United States compared to Syria

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If you moved to Syria from United States, you would..


make 94.9% less money


United States United States ($57,300 per capita)
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Syria Syria ($2,900 per capita)
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United States has a GDP per capita of $57,300, while in Syria, the GDP per capita is $2,900.
Category: United States vs. Syria - GDP Per Capita

pay 44.4% less in taxes


United States United States (39.6% top marginal tax rate - Jan 2016)
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Syria Syria (22% top marginal tax rate - Jan 2016)
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In United States, citizens pay a top marginal tax rate (the highest tax rate you can pay) of 39.6%. In Syria, the top marginal tax rate is 22%.
Category: United States vs. Syria - Tax Rate

live 4.9 years less


United States United States (79.8 years)
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Syria Syria (74.9 years)
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In United States, the life expectancy is (on average) 79.8 years. In Syria, the average life expectancy is 74.9 years.
Category: United States vs. Syria - Life Expectancy

consume 91.8% less electricty


United States United States (12,077 kWh per capita - 2014 est.)
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Syria Syria (989 kWh per capita - 2014 est.)
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United States consumes around 12,077 kWh per capita of electricity per year. In Syria, that number is 989 kWh per capita.
Category: United States vs. Syria - Electricity Consumption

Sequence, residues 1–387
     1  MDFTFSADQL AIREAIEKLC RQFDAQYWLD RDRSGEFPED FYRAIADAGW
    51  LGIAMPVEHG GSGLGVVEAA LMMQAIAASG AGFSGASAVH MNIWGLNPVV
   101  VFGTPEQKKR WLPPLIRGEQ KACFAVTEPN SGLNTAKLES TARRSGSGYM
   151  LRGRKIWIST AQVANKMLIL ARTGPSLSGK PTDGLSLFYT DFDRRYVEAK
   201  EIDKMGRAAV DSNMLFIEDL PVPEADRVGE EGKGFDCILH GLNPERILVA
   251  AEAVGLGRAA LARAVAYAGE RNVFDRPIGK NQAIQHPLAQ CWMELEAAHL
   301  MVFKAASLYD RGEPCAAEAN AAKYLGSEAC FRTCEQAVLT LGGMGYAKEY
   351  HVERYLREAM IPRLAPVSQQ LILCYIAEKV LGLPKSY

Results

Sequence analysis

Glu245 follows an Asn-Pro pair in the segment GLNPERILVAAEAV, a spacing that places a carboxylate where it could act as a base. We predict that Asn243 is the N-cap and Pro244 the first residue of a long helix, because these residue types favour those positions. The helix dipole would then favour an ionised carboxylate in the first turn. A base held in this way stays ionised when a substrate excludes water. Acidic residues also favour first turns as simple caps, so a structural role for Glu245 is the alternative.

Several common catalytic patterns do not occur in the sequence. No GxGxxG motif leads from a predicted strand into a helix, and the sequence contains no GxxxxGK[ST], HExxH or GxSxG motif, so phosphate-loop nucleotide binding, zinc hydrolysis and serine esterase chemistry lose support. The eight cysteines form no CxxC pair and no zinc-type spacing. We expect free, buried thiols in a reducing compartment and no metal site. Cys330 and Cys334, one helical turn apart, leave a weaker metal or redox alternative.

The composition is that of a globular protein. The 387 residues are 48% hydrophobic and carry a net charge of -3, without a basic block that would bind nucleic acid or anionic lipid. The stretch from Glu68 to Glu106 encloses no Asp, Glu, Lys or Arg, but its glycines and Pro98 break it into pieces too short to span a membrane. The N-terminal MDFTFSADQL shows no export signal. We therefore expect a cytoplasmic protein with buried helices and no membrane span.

have 73.6% more babies


United States United States (12.5 babies per 1,000 people - 2016 est.)
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Syria Syria (21.7 babies per 1,000 people - 2016 est.)
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In United States, there are approximately 12.5 babies per 1,000 people. In Syria, that number is 21.7 babies per 1,000 people.
Category: United States vs. Syria - Birth Rate

be 5.5 times more likely to live below the poverty line


United States United States (15.1% of people - 2010 est.)
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Syria Syria (82.5% of people - 2014 est.)
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In United States, approximately 15.1% of people live below the poverty line. In Syria, that number is 82.5% of people.
Category: United States vs. Syria - Poverty Line

be 2.6 times more likely to die in your infancy


United States United States (5.8 per 1,000 infants)
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Syria Syria (15.2 per 1,000 infants)
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In United States, approximately 5.8 per 1,000 infants die before they reach the age of one. In Syria, on the other hand, 15.2 per 1,000 infants do.
Category: United States vs. Syria - Infant Mortality

be 10.6 times more likely to be unemployed


United States United States (4.7% of people - 2016 est.)
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Syria Syria (50% of people - 2016 est.)
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In United States, approximately 4.7% of people are unemployed. In Syria, that number is 50% of people.
Category: United States vs. Syria - Unemployment

see 99% less coastline


United States United States (19,924 km)
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Syria Syria (193 km)
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United States has a total of 19,924 km of coastline. In Syria, that number is 193 km.